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camping - flabobflyingcircusAs the demo date of our kitchen remodel came closer, I went into complete panic mode. I envisioned a cross of us living in chaotic-like campground meshed with having wedding day jitters. I really, really dislike camping after a night or two (it’s seriously on the verge of hate). It’s dirty. It’s cramped. There’s a lack of running water. I also wanted to call Sam, our contractor, and say “It’s all a mistake. I don’t want the remodel to happen. I can deal with the kitchen as it is. Don’t come over!” But let’s face it – that wasn’t going to happen especially after I got the call confirming the appliance delivery, which included my new fridge that kicked all of this into motion, the following week.

Then I took a step back. Took a deep breath, slightly zenned out for a moment or two, and got ready to take this thing head on. Here are my tips for surviving a remodel.

Prepare for Sanity’s Sake: take the time to organize and plan. It doesn’t have to be in one big swoop if that doesn’t work for you. Start with one cabinet or drawer and work your way around the kitchen in manageable chunks. I did it when I could (an hour here), as I could (15 minutes there), and then demanded time (cancelled all plans one Sunday). While it might have taken a little longer this way, I still got it done with time to spare and my sanity in tact.

Use the Pantry: while we usually dislike the general placement (why is the pantry door in the dining room?), we were lucky our pantry is outside the kitchen. I was able to give it a much-needed cleaning and sorting, which gave us extra room for items we knew we needed access to and allowed some room for items that were oddly bulky or heavy, like the standing mixer and slow-cooker. If your laundry room, guest room, or other area can double as an easy access temporary holding area, use it.

Pack It Up: start packing at least a month in advance. I know it sounds crazy but trust me on this; it will make all the difference in the world if you take the time as it appears. I picked up clear bins at Costco and made the best of them and some random mailing boxes. Since we just needed items temporary stored, I didn’t worry about wrapping glasses or whatnot as you would with a move. I did however use a lot of gallon and quart-sized Ziploc bags to make it easier to pack items up (and in the end, it was so much easier unpacking them too). A small spot of our garage was used to store the boxes and bins, but we had to be smart about the space. The crew needed the garage for their equipment and all the items for the remodel, like the appliances and new cabinets.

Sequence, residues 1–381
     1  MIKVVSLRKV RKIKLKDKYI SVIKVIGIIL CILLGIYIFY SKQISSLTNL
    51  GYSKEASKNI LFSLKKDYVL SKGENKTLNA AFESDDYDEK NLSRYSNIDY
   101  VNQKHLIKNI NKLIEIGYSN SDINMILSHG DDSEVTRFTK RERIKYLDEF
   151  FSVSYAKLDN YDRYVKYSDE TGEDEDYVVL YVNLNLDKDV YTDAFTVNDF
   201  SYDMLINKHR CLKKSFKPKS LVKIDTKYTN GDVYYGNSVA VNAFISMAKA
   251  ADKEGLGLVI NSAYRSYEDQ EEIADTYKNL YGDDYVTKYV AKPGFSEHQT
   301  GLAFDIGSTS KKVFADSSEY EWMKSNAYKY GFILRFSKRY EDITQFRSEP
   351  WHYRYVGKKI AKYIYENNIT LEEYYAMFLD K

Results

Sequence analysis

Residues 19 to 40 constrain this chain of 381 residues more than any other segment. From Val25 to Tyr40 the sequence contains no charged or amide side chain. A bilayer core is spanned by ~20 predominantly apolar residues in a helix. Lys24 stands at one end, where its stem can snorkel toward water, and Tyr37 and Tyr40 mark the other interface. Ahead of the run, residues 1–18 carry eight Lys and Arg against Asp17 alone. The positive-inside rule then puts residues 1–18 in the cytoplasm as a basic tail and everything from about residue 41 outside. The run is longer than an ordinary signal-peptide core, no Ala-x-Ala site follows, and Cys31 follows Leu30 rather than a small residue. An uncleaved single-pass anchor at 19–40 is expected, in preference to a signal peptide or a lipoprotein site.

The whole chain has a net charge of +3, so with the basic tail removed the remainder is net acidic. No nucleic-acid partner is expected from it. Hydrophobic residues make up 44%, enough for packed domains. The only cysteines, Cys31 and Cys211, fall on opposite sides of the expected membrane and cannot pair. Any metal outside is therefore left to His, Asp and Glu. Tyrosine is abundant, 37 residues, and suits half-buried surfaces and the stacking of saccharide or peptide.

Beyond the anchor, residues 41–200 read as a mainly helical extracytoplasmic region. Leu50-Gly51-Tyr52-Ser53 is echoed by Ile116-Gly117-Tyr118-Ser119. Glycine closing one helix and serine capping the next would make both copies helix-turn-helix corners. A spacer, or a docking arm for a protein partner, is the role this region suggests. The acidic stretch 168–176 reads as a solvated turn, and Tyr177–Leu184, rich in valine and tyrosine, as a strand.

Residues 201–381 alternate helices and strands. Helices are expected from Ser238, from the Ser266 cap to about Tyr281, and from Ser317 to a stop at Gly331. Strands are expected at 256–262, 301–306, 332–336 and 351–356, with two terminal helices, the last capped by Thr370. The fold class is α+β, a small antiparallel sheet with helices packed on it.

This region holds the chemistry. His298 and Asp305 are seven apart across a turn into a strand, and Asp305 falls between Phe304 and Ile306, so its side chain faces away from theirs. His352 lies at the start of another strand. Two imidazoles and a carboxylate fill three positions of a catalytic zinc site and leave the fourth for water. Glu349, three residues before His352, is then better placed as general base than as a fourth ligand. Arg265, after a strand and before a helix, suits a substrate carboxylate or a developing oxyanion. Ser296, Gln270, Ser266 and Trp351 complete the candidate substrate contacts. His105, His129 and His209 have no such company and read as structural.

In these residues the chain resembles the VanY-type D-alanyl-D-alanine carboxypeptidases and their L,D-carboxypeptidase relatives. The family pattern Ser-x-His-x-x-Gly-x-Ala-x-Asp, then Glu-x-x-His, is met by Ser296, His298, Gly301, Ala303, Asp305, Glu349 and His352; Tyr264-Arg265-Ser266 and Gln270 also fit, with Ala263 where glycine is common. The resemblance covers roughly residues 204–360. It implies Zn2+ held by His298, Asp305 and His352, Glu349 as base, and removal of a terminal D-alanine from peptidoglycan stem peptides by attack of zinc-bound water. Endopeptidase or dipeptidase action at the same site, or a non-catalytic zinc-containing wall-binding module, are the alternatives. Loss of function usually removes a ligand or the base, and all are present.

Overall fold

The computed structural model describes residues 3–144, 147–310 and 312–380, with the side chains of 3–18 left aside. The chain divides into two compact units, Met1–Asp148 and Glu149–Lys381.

Make a Donation Drop: You’ll come across items that haven’t seen the light of day. That sandwich press you got as a gift five years ago still wrapped in the original plastic? Pass it on. The espresso machine you’ve only used once, collecting dust on the counter? Get rid of it. Keep a box or bin nearby for these items while you’re packing up. If want to consign items, have separate box to keep it easy and efficient.

patrickmavros.co2

Make a Mini-Kitchen: Create a mini-kitchen with only the essentials. We moved our microwave, coffee-maker and fridge into the dining room. As a bonus: to move the fridge, it’s best to empty it, which means you get to toss items over-staying their welcome. Don’t have a microwave? It could be worth it to get one like this, or this, or even like this one (Admit it, that last one would make you chuckle while reheating leftover pizza). If you don’t want to keep the microwave long-term, you can always donate it to a local non-profit or shelter once the remodel is completed (same with the plastic bins if you have no need for them afterwards).